Vocal Fold Paresis and Voice Outcomes following Vocal Fold Mass Excision.

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OBJECTIVE: To correlate the surgical results of vocal fold mass excision with pre-operative existence of vocal fold paresis.

METHODS: Data were collected on 66 patients who underwent excision of benign vocal fold masses from 2015 to 2020. The pre- and post-operative strobovideolaryngoscopy (SVL) examinations for all patients included were evaluated blindly by three otolaryngologists using THE Voice-Vibratory Assessment with Laryngeal Imaging (VALI) Form for scar severity, mucosal wave, free edge contour, glottal closure, and phase closure. The success of mass excision surgery was determined based on the presence of the following criteria post-operatively: 1) improved mucosal wave motion 2) improved phase closure or glottic closure 3) improved free edge contour and 4) lack of worsening of vocal fold scar severity. Surgery was considered successful if 3 or 4 criteria were met, partially successful if 1 or 2 criteria were met, and unsuccessful if no criteria were met. The percent recruitment of the thyroarytenoid, posterior cricoarytenoid (PCA), and cricothyroid muscles were used evaluated the severity of paresis as mild (70-99% recruitment), moderate (40-60% recruitment), or severe (0-39% recruitment). VHI-10 scores were used as subjective measures of pre- and post-operative voice.

RESULTS: Sixty-six patients (26 male, 40 female) were included in this study, with a mean age of 37.25 ± 16.6 (range 18-78). Twelve patients had no evidence of VF paresis noted during the initial clinical evaluation; and 52 patients had paresis and had undergone laryngeal EMG. 81% of these patients had mild paresis, 12.8% had moderate paresis, and 5.8% had severe paresis. Based on pre- and post-operative strobovideolaryngoscopy, there was improvement in mucosal wave in 44.9% of cases, improvement of phase or glottic closure in 85.4% of cases, improved free edge contour in 95.5% of cases, and worsening of scar in 38.5% of cases. 39.6% of surgeries were fully successful, 33.3% of surgeries were partially successful, and 27.1% were not successful. There was a significant correlation between female gender and vocal fold paresis (P = 0.048). Paresis severity did not correlate with complete or partial surgical success (P = 0.956), pre-operative VHI-10 scores (P = 0.519), post-operative VHI-10 scores (P = 0.563), or strobovideolaryngoscopy parameters. Unilateral and bilateral paresis did not correlate with any other parameter of surgical success (P >0.05).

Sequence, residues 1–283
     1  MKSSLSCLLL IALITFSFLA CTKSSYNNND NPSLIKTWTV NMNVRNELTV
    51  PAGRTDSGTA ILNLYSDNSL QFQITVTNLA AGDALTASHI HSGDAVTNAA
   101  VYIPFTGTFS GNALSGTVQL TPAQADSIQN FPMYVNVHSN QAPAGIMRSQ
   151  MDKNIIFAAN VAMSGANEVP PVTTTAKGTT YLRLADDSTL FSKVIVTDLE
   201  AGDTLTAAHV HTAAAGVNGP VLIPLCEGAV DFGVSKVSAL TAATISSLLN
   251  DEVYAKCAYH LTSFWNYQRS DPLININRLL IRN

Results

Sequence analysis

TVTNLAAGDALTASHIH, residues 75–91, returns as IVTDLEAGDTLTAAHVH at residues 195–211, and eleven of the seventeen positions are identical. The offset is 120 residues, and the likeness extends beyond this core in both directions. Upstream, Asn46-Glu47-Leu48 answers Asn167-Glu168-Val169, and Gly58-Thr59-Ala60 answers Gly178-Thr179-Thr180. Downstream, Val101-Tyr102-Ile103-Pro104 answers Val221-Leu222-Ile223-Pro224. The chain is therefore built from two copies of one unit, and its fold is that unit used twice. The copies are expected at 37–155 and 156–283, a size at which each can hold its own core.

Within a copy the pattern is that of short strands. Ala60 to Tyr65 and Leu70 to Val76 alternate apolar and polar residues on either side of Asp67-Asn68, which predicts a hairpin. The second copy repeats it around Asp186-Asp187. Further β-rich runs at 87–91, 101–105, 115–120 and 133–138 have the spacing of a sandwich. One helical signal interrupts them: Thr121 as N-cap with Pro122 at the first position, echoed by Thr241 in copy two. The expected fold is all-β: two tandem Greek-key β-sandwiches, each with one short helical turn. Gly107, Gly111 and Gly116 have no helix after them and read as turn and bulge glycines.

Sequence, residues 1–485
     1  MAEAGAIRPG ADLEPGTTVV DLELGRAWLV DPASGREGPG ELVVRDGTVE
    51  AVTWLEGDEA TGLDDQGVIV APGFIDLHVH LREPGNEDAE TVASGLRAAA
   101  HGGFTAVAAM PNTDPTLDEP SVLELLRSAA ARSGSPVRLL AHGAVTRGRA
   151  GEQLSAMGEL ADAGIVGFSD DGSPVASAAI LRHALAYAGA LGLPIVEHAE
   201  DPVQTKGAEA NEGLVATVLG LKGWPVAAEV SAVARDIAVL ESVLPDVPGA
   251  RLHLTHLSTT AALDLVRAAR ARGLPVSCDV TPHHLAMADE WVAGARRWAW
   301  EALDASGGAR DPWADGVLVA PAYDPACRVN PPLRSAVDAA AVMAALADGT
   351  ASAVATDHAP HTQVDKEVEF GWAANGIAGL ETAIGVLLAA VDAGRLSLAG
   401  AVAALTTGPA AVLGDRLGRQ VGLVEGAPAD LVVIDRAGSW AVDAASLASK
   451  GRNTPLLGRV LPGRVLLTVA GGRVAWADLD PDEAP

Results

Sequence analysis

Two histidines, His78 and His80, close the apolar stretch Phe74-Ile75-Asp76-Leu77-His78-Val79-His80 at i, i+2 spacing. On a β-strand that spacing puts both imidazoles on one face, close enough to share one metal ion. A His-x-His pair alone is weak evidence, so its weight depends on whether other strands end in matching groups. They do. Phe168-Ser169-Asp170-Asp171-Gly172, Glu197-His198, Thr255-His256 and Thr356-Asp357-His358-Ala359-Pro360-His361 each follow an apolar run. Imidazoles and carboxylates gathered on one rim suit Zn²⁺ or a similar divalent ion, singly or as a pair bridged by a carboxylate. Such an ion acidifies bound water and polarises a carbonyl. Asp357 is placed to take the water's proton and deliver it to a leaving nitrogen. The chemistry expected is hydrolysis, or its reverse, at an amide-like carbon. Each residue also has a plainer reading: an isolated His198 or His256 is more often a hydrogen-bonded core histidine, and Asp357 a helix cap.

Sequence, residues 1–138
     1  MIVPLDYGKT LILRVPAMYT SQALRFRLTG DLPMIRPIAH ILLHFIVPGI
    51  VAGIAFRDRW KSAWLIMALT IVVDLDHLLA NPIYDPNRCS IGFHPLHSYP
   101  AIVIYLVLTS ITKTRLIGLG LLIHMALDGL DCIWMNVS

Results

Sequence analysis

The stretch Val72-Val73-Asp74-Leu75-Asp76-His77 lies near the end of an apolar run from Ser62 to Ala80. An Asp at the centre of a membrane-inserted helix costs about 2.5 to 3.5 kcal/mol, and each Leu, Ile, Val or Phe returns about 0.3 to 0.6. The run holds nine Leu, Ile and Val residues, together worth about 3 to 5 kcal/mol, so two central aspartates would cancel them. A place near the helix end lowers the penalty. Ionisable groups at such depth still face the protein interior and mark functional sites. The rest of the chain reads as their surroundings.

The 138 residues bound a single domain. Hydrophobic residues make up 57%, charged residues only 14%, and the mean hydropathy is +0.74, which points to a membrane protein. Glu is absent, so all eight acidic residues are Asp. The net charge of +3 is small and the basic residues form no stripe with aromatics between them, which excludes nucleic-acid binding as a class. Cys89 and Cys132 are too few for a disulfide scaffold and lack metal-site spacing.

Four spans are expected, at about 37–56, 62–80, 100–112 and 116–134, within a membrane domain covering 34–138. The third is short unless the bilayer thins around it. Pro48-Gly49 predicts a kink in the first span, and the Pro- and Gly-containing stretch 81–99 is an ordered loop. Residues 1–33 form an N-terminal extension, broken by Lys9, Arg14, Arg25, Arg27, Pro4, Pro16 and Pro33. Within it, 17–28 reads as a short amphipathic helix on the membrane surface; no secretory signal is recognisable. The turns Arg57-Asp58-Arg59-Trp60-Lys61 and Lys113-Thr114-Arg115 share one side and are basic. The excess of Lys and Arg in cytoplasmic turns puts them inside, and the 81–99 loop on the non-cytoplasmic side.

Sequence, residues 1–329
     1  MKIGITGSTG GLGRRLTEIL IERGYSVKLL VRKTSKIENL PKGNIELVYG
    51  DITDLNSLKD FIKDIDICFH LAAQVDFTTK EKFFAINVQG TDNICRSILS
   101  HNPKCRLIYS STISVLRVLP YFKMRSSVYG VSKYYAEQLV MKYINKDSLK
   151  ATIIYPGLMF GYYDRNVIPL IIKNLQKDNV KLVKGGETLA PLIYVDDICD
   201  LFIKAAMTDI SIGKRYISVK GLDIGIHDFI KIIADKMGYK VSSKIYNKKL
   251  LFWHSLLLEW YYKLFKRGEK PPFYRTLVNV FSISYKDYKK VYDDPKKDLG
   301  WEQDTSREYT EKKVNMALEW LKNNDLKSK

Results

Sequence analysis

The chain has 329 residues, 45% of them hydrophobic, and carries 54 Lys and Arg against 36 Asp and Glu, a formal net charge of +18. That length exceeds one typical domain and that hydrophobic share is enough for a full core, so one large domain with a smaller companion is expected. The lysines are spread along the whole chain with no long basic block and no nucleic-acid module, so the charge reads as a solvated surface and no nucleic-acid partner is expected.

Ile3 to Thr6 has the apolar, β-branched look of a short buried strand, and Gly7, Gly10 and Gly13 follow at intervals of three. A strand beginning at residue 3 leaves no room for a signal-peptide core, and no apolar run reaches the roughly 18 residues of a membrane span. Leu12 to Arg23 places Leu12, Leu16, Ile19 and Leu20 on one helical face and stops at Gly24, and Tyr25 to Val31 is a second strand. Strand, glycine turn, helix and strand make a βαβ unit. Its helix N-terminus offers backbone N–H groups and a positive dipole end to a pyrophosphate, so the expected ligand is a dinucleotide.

CONCLUSION: This study suggests that there is no correlation between pre-operative vocal fold paresis and voice outcomes after mass excision surgery, that the majority of mass excision surgeries (72.9%) are successful based on improvement in stroboscopic parameters, and that the proportion of patients with moderate and severe paresis is consistent across all laryngeal nerves.


This article was published in Journal of Voice.

The published version is available at https://doi.org/10.1016/j.jvoice.2021.07.014.

Copyright © 2021 The Voice Foundation. Published by Elsevier Inc.

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Journal of Voice

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